Ability to Read and to Understand a Written Text
English: % of target group members aged 18 years or more who can read a provided text and correctly understand its meaning
Français: to be added later
Español: to be added later
Português: to be added later
What is its purpose?
The indicator measures the proportion of adult target group members who can read a provided text and correctly understand its meaning. It can be used to measure the results of activities which focus on improving adult literacy.
How to Collect and Analyse the Required Data
Calculate the indicator's value by using the following methodology:
1) In many areas, people speak up to several different languages (e.g. the official language and local languages). Therefore, your first step is to decide on which language you will test. This is likely to be the language that your education activities focus on.
2) Prepare three short examples of a written text that the target group members might be exposed to in their daily life and should be able to understand. This can include, for example, information about a service offered by the government, instructions on how to use a certain product or a section on the conditions of a simple work agreement. Ensure that each text is:
- Brief: it should be no longer than 4 short sentences
- Easy to read: ensure that the text is written using large, easy-to-read fonts
- Simple: it should not contain any NGO jargon, technical terms and words that many people might not be familiar with
- Relevant to the respondents’ lives: ensure that the text is about topics that the respondents can relate to and know about from their own lives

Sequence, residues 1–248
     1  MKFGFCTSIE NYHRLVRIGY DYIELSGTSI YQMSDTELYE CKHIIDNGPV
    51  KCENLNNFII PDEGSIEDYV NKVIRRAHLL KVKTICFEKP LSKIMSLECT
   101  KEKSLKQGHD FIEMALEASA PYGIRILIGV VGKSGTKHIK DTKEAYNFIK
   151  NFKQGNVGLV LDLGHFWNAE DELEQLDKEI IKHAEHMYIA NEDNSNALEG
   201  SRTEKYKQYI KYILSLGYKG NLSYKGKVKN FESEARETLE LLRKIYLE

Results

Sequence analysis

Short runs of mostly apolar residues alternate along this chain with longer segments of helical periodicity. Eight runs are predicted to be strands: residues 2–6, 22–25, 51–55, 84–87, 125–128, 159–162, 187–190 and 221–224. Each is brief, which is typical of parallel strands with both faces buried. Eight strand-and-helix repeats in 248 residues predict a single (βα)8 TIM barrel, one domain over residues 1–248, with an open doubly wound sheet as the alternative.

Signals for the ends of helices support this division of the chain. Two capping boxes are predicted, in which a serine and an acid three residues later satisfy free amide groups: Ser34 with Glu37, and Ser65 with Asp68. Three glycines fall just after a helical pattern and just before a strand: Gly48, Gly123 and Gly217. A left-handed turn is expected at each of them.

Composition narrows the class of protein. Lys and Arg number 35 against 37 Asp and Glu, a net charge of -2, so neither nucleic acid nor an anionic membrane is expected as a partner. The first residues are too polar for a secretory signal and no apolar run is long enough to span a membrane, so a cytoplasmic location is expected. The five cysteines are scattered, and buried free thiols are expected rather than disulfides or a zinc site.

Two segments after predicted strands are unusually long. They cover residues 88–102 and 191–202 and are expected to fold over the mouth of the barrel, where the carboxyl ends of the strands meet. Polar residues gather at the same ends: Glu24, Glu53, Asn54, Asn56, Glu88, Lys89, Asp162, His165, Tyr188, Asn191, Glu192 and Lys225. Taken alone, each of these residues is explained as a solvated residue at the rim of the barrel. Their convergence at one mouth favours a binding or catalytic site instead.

Be aware that in some countries, the Ministry of Education has standardised texts to test people’s literacy – if available and appropriate to the context of your intervention, consider using them.
3) Conduct interviews with a representative sample of target group members aged 18 years or more, asking them the following questions:
RECOMMENDED SURVEY QUESTIONS (Q) AND POSSIBLE ANSWERS (A)
Q1: Do you have difficulty seeing clearly if you don’t wear glasses?
A1: yes / no / is not sure
(ask the following questions only if the previous answer is NO)
Q2: Are you able to read text in [specify the tested language]?
A2: yes / no / with difficulties
(ask the following question only if the previous answer is YES or WITH DIFFICULTIES)
Q3: Provide the enumerator with the first text and ask: Can you please read this text to me?
1) the respondent is able to read the text
2) the respondent is NOT able to read the text
(ask the following question only if the respondent could read the text, even if it was with difficulty)
Q4: Can you please tell me in your own words what the text is about? What is it saying? If you like, you can review the text once more.
1) the respondent understands the meaning of the text
2) the respondent does NOT understand the meaning of the text
Repeat Q3 and Q4 for the two remaining texts.
To calculate the indicator’s value:
- count the number of people who could read and correctly explain the meaning of at least two out of three of the provided texts
- divide this number by the total number of surveyed people who do NOT have difficulties seeing without having glasses
- multiply the result by 100 to convert it to a percentage
Disaggregate the data by gender, age groups, ethnicity and other vulnerability factors.
1) It is important that you do not test the reading skills of people who do not see clearly (question 1). Even if these people could bring their glasses, you might not know whether their inability to read the text is due to their illiteracy or because they are not using the right type of glasses.